This cake is just the ticket for a restorative afternoon snack. It’s adapted from Around My French Table by Dorie Greenspan - the creator of World Peace Cookies, which, I believe, would get democrats and republicans working together if someone would just make a lot of them and lug them to Congress.

World Peace Cookies

French Apple Cake
Adapted from Around My French Table by Dorie Greenspan

¾ cups all-purpose flour
¾ teaspoon baking powder
A pinch of salt
4 large apples - 4 different kinds are best because you can have crisp, soft, sweet, and tart
2 large eggs
¾ cup sugar
3 tablespoons dark rum - I use Goslings Black Seal
½ teaspoon vanilla extract
¼ pound unsalted butter, melted and cooled (1 American stick)
Softened butter for coating the cake pan

Preheat the oven to 350 degrees.

Butter an 8-inch springform pan.

In a small bowl stir the flour, baking powder, and salt together with a fork.

Peel the apples. Cut them in half, and cut four large pieces off around the apple, leaving just the cores, which you will discard. I find this easier than using an apple corer. Cut the pieces into chunks, about an inch big. A little larger than an inch is fine.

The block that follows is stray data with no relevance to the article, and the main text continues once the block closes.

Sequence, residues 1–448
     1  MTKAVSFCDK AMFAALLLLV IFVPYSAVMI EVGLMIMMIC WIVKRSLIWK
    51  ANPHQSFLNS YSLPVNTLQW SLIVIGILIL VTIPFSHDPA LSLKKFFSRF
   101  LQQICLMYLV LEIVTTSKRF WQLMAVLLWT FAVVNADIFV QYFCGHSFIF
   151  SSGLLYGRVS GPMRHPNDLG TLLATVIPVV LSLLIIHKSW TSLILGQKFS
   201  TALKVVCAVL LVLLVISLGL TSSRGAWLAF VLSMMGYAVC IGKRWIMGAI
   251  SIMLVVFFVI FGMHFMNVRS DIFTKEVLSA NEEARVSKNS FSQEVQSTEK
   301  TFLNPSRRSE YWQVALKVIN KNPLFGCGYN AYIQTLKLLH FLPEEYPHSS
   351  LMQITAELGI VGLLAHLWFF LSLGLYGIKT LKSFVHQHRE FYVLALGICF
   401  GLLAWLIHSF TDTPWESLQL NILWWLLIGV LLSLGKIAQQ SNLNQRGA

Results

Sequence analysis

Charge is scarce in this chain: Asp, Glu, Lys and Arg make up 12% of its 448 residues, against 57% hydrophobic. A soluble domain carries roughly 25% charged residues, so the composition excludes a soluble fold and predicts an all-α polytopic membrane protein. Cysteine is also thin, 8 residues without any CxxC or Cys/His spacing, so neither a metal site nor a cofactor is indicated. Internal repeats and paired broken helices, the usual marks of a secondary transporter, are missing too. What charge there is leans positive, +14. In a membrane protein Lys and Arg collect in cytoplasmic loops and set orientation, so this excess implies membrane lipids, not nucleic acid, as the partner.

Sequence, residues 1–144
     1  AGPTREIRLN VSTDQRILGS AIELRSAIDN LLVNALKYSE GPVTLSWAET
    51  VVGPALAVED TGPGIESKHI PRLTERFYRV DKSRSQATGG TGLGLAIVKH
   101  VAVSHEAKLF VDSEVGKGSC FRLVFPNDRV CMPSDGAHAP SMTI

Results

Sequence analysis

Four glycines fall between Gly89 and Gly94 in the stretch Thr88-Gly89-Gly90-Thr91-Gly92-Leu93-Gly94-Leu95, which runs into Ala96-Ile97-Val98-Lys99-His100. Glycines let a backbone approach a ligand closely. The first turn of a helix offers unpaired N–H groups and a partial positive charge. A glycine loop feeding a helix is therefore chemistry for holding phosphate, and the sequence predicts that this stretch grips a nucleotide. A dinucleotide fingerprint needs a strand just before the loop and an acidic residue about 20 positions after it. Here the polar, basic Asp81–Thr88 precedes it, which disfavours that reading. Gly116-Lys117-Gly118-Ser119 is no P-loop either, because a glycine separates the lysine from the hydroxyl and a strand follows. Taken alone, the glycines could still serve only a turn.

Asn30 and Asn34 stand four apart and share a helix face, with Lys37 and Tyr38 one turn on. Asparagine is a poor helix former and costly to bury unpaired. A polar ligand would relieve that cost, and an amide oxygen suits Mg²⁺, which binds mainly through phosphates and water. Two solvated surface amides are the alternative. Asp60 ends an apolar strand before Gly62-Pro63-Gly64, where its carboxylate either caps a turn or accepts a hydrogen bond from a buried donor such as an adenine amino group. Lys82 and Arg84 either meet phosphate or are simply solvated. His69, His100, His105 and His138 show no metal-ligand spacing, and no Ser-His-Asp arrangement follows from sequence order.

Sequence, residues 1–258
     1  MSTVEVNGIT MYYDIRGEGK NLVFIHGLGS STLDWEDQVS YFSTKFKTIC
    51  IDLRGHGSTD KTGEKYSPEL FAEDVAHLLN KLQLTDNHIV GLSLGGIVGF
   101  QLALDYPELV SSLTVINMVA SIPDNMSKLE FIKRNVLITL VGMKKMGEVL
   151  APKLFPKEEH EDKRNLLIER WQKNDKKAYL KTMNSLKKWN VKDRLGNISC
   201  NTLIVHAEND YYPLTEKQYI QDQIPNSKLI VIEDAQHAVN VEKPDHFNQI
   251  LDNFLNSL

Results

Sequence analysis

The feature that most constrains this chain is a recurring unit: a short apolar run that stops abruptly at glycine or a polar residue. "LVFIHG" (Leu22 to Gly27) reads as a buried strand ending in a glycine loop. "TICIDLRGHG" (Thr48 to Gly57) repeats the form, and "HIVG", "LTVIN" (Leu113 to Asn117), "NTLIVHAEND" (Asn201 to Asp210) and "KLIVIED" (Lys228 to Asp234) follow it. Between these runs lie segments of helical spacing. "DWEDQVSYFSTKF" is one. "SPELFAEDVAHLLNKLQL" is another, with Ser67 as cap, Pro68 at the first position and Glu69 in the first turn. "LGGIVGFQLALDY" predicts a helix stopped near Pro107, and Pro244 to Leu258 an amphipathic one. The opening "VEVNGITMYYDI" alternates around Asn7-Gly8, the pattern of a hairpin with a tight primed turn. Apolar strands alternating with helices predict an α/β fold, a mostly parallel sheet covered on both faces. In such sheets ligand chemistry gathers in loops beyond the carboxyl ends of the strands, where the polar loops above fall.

Break the eggs into a large bowl, and beat them with a whisk until they foam a little. Add the sugar, whisk to blend, then whisk in the rum and vanilla. Add half the flour and whisk until incorporated, then whisk in half the melted butter. Repeat this step by whisking in the other half of the flour followed by the rest of the melted butter, and mix until the batter is smooth and thick. Using a rubber or silicone spatula, fold in the apples, turning until the fruit is coated with batter. You will find there are more apples than batter; this is how it’s supposed to be.

Scrape the mixture into the buttered springform pan, and spread it around with the spatula until it’s as even as you can get it. It won’t be perfect because there are so many apples.